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Maximize Your Exercise Time

Ideally, you should get at least a half hour of moderate exercise every day. If you're trying to lose weight—or keep it off—you'll need 60 to 90 minutes a day, according to the USDA's fitness guidelines.

Don’t have time to log in that much? Do what you can.

“Something is better than nothing,” says Jaime Brenkus, a personal trainer in Willoughby, Ohio, and author of Get Lean in 15. “If you have 30 minutes to be physically active, do 30 minutes. But if you don’t, 15 minutes is still OK. If you do even a little each day, you’ll be more consistent and will see results.”

To use your gym time efficiently so you’ll get more done, here’s what Brenkus suggests.

Lose the magazine

Don’t think you can read something and maintain a challenging pace while using a stationary bicycle, elliptical trainer, or treadmill. It’s too distracting, as is talking on a cell phone or using a hand-held electronic device.

To keep yourself entertained and enthused, wear headphones and listen to high-energy music while you work out, Brenkus suggests. Music won’t impede your progress. In fact, it’s motivating and a good way to avoid chitchat.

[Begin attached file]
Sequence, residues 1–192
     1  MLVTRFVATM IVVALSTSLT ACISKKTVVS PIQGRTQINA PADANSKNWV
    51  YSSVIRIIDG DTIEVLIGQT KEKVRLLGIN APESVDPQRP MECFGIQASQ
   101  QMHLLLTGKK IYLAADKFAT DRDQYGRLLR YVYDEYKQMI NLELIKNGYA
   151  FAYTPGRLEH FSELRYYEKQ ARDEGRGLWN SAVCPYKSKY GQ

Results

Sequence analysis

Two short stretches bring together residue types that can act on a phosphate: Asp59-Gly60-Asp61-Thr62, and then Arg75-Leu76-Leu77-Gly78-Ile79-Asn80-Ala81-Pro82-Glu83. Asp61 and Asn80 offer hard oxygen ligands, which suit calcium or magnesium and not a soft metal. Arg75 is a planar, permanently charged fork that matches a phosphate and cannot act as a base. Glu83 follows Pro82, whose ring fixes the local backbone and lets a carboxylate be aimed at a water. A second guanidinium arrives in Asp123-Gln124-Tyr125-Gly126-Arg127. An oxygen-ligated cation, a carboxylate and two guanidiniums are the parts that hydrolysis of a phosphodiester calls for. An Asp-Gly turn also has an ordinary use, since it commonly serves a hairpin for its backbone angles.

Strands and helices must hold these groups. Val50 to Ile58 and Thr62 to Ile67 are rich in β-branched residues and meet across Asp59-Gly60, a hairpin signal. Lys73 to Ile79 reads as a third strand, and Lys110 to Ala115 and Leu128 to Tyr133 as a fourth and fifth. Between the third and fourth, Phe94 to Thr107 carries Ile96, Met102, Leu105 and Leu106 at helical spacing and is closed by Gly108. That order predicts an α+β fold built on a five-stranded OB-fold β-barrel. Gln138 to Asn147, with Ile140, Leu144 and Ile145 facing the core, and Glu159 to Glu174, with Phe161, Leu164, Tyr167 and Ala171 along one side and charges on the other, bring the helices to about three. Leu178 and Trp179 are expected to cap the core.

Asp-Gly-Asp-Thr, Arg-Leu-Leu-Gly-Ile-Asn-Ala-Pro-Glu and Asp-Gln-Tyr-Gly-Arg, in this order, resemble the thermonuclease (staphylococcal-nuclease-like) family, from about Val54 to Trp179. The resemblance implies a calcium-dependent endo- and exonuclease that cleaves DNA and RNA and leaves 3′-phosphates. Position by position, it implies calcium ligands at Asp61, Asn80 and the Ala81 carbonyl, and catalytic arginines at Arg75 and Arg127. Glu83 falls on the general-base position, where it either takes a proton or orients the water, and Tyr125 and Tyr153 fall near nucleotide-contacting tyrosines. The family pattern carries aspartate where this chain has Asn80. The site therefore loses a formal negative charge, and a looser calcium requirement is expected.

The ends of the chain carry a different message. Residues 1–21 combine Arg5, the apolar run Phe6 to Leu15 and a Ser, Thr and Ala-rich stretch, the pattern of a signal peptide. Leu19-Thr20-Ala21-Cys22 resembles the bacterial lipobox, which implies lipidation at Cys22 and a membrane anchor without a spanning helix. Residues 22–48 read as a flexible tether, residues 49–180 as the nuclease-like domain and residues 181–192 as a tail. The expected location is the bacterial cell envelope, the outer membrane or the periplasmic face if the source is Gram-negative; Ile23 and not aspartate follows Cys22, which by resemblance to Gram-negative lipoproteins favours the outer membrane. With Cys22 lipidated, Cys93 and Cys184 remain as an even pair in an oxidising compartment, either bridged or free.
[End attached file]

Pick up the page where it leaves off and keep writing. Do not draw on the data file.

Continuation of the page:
“When you’ve got your headphones on at the gym, you can get in there, get the job done, and get out,” says Brenkus.

Move from set to set

When using weight machines, go from one set to the next without resting.

“Your muscles don’t need a break,” says Brenkus. But if you think they do because they’re tired, go ahead and give them some downtime by alternating between upper- and lower-body exercises.

For example, go from a shoulder press to a squat, then to lat pulldowns followed by leg extensions, and so on, without stopping. Besides knocking off your strength-training program quickly, you’ll also get a mild cardiovascular benefit.

Meanwhile, make sure the weight you’re lifting is heavy enough to overload your muscles.

“If you can easily do 20 to 25 reps, the weight is too light,” says Brenkus. You’re on the right track if you do only eight to 12 reps and feel fatigued by the last rep.

Don’t depend on cardio alone

To get the most mileage out of your workout, be sure your fitness routine offers a mix of cardio and strength training. Strength training is vital because it builds muscle mass, which is metabolically active tissue that stokes metabolism.

“For every pound of muscle you put on, you’ll burn 30 to 50 additional calories at rest,” says Brenkus. That helps prevent any weight you lose from returning.

Don’t try to spot reduce

If you’ve got fat around your middle, don’t waste your time doing hundreds of sit-ups.

To whittle your middle or any trouble spot you’re concerned about, focus on general strength training and cardio exercises that work the large muscle groups: chest, back, shoulders, biceps and triceps, quads, hamstrings, and glutes.

“When you concentrate on working these muscles three or four times a week, you’ll burn the most calories to create a deficit,” says Brenkus. “That’s the only way to burn the fat that has settled in and around your waist or somewhere else.”